When do Kids Start Losing Teeth?

When do primary teeth fall out? This is a question that interests both parents, and their children. For the parents, it means probable dental visits, blood and some crying if it is painful.

For children, it means the excitement of getting a new tooth, coupled with the anticipation of waiting for the tooth fairy.


The answer is that all the primary teeth have an age, during which they fall out. The period is different for each tooth and more importantly, for each child.

The age that your dentist tells you is an average, and it is not necessary that your child’s milk teeth will fall at that time. Do not panic if your child’s teeth fall off before or after that time.

When do baby teeth fall out?

There are teeth eruption and shedding charts which you can refer to for more knowledge about your child’s teeth.  By the first six months of life, the first primary tooth erupts, and by two to three years of age, your child should have all his twenty primary teeth.

Losing the first primary tooth will probably be when your child is about six years old, and the process will continue until the age of thirteen.

However, tooth shedding is a very person specific process and depends on many factors. The overall growth rate of your child, the genetic build up, and the rate of development of the corresponding permanent teeth- these are some factors that will decide when a primary tooth is ready for exfoliation.

Most primary teeth will become mobile in their socket when the time for shedding is near. If your child has an excessively decayed tooth, it can break off in parts with the root remaining inside. In this case, the pediatric dentist will extract the root.

If your child has shown delayed eruption for the teeth, it is likely that the age of exfoliation will also be later than predicted.

An excellent way to remember tooth shedding sequence is that the teeth usually fall off in the same sequence that they erupt. This means that your child’s front teeth will be the first ones to go.

Here is a simple table to tell you about the different ages that each baby tooth falls out.

Upper Arch

ToothShedding age
Central Incisor6-7 years
Lateral Incisor7-8 years
Canine10-12 years
First Molar9-11 years
Second Molar10-12 years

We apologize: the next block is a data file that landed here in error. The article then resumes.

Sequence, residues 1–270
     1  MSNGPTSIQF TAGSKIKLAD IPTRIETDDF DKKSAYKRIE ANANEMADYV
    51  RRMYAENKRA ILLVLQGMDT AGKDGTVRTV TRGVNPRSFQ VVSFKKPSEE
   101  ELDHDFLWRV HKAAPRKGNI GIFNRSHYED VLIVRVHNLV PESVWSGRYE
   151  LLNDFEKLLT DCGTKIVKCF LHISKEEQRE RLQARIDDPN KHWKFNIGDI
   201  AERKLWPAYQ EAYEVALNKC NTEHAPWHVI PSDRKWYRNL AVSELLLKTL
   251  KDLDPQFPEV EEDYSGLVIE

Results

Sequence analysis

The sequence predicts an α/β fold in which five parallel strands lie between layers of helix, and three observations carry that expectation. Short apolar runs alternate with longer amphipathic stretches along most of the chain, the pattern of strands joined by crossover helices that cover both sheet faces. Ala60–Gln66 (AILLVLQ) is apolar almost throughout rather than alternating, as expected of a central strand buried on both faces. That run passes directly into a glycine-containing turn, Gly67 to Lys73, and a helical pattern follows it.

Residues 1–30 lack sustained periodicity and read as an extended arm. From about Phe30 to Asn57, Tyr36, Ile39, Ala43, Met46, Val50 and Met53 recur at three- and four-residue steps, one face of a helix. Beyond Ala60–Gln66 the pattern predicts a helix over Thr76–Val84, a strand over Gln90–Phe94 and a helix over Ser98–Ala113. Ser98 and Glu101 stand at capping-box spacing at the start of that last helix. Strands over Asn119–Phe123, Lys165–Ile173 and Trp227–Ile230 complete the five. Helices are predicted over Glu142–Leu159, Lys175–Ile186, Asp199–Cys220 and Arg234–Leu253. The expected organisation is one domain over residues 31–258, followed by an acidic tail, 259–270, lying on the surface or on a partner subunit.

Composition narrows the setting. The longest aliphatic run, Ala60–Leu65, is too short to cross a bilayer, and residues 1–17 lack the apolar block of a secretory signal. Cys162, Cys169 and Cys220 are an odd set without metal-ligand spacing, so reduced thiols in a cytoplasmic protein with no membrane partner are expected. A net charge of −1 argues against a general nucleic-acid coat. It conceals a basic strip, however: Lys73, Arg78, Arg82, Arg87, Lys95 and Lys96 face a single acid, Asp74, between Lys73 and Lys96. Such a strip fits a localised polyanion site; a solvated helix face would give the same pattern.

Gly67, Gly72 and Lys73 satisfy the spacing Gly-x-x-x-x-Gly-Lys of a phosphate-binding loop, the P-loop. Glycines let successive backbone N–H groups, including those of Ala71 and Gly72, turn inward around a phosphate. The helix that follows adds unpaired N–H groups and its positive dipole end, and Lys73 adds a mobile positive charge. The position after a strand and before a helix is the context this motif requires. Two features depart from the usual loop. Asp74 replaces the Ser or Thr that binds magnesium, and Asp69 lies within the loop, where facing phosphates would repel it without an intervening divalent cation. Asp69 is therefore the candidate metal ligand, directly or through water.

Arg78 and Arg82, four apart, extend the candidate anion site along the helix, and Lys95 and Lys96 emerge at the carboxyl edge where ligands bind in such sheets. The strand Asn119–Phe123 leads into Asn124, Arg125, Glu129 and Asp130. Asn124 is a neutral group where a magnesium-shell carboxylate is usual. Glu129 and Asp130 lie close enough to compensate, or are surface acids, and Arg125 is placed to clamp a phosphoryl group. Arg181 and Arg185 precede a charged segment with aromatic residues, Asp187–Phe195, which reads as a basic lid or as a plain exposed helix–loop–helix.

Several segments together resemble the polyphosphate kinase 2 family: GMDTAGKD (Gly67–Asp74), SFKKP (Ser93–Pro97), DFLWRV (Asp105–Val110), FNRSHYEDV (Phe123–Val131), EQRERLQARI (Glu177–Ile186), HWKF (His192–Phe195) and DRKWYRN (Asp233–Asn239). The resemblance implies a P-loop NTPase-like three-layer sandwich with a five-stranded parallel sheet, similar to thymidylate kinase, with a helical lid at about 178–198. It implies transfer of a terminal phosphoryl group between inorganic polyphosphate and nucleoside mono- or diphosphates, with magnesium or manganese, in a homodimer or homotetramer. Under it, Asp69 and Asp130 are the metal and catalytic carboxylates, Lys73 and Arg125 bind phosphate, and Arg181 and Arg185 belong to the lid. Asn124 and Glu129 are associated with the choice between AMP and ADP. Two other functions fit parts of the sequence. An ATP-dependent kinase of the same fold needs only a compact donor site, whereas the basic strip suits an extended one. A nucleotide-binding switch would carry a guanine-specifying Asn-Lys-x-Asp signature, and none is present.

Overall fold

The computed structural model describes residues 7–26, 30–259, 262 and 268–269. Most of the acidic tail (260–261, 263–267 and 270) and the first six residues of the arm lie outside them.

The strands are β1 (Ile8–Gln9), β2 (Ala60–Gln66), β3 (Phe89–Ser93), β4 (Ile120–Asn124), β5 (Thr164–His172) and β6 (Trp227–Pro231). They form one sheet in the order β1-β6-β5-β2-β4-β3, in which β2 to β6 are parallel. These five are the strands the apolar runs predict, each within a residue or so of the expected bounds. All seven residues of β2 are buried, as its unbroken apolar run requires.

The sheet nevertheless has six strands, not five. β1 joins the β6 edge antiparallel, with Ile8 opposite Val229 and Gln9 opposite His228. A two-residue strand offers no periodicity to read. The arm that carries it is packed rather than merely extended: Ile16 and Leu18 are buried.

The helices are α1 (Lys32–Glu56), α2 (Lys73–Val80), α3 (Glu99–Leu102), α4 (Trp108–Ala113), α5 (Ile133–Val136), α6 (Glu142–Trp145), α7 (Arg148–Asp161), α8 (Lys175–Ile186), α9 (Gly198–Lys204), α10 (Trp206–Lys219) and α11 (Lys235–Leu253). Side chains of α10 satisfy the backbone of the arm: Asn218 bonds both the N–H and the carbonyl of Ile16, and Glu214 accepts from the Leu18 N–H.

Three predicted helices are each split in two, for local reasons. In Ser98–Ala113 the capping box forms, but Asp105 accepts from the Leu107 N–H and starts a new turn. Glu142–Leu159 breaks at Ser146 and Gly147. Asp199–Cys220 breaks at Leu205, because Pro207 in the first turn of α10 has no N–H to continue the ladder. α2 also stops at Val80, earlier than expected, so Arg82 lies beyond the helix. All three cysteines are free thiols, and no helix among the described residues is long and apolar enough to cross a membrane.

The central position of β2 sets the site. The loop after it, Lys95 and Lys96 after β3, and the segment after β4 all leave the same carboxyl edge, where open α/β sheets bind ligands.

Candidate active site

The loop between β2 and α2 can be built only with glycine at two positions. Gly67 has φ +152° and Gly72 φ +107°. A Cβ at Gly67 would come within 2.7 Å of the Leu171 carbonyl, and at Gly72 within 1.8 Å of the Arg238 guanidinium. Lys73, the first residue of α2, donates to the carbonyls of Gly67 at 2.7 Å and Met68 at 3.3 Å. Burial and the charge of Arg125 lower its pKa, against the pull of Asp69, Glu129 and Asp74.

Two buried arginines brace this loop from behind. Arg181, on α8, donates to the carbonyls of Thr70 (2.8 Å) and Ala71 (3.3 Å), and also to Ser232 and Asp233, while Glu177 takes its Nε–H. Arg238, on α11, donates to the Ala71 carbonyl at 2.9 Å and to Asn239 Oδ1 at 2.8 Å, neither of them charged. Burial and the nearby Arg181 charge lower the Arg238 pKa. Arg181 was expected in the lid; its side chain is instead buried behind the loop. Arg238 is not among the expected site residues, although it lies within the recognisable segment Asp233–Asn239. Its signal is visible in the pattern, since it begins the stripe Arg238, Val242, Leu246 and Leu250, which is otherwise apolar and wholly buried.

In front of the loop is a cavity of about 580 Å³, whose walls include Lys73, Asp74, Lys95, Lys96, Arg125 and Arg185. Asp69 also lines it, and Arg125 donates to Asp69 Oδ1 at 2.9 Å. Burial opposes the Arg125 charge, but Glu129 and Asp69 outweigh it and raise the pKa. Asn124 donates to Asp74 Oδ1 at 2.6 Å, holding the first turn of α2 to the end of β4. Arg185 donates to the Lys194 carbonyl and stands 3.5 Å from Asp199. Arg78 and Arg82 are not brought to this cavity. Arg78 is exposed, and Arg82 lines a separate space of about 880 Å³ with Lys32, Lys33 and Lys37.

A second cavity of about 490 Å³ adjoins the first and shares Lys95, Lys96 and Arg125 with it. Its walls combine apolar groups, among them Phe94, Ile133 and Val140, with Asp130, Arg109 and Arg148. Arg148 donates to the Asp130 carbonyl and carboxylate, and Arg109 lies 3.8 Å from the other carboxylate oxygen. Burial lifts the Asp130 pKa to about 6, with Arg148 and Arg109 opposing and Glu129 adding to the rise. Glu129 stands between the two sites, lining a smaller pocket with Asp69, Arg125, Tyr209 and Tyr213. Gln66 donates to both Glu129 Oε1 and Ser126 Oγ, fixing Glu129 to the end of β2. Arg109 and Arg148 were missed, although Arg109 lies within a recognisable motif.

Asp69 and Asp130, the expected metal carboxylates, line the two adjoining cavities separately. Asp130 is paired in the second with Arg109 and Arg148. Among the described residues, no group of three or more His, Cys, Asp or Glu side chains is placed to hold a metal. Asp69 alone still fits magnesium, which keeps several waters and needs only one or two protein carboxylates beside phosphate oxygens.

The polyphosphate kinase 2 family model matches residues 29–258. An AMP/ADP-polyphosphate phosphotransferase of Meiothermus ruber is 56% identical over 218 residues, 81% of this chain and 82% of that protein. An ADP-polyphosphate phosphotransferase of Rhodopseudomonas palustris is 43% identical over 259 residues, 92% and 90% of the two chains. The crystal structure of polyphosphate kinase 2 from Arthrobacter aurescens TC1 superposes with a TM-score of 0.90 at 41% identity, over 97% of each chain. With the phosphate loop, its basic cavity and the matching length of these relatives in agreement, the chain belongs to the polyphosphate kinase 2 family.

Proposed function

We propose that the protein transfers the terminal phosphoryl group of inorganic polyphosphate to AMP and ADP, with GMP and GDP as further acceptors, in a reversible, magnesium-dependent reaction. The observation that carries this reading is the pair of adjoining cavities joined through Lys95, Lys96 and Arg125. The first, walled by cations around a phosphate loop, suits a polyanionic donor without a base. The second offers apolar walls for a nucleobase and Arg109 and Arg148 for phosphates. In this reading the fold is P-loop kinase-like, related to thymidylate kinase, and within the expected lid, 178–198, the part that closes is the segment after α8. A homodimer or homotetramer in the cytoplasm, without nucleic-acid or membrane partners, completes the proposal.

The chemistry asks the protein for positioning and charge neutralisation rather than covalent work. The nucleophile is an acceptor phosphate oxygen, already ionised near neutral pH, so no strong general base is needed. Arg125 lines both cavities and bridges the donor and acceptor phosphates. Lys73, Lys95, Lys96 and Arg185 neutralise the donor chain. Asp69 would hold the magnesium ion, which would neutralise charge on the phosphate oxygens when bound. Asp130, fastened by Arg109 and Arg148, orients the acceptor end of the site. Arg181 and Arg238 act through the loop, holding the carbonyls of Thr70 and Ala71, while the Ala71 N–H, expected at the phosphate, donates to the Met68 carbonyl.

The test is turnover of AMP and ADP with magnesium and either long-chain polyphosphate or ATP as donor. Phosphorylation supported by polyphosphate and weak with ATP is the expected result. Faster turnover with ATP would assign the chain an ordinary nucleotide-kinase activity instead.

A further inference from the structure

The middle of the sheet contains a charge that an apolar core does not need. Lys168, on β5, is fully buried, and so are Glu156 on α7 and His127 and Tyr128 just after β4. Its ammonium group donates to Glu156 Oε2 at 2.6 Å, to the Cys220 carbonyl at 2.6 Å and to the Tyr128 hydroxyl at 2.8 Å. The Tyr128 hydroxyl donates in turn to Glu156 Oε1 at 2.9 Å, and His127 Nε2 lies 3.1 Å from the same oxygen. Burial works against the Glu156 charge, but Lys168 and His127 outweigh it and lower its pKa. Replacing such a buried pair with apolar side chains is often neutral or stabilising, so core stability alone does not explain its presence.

Lower Arch

ToothShedding age
Central Incisor6-7 years
Lateral Incisor7-8 years
Canine9-12 years
First Molar9-11 years
Second Molar10-12 years

Reasons for early or delayed exfoliation

Many internal and environmental factors govern tooth development and eruption. This means that there can be numerous reasons why your child’s tooth has not erupted on time.

Before you enter into a state of panic about early or delayed shedding, keep these factors in mind and seek knowledge from your dentist. The pedodontist is the best person to decide if anything is amiss regarding your child’s teeth.

Early exfoliation

A child’s primary tooth can fall off before the stipulated time if it has undergone any trauma. If your little one has had a fall, an accident or been the victim of a blow on the face, he or she could lose a tooth before the average age. (1)

Pulpal necrosis or pulpal therapy in a particular tooth will lead to early exfoliation and the early eruption of the corresponding successor. (2)

It could also be possible that your child shows all growth milestones early in their life. Bone development and height are some signs which can tell you about the early eruption.

Sometimes, the premature eruption is because of an underlying systemic or dental illness. Calcium-related growth disorders, neutropenia, scurvy, and aggressive periodontitis are some of the conditions that result in early exfoliation. (3)

Timely dental visits will tell you if your child is at risk of developing any of these.

Late Exfoliation

A child may have an ankylosed tooth, which is why it may not have shed despite crossing the exfoliation age. Ankylosis is a condition in which the tooth is fused to the underlying bone, because of which it does not fall off. See your dentist if you suspect ankylosis.

If the corresponding successor of a particular primary tooth is impacted or missing, there is delayed shedding. This happens because the eruptive forces of an adult tooth play a role in shedding of a primary tooth. Dental radiographs will tell the dentist about this condition.

Disorders like hypothyroidism, hypopituitarism or Down’s syndrome delay exfoliation.

The potential problems that early or delayed exfoliation can cause include malocclusion, crowding, gingival and periodontal diseases. (4)


Wrapping Up

A child has many anxious moments in anticipation of losing a tooth and getting a new one in its place. If you feel that the milk teeth are not falling out as per the tooth charts, you can address your concerns with the dentist, to be at ease.

Remember that teeth don’t have a fixed day and time to erupt, and each child will go through the shedding process at a different age.


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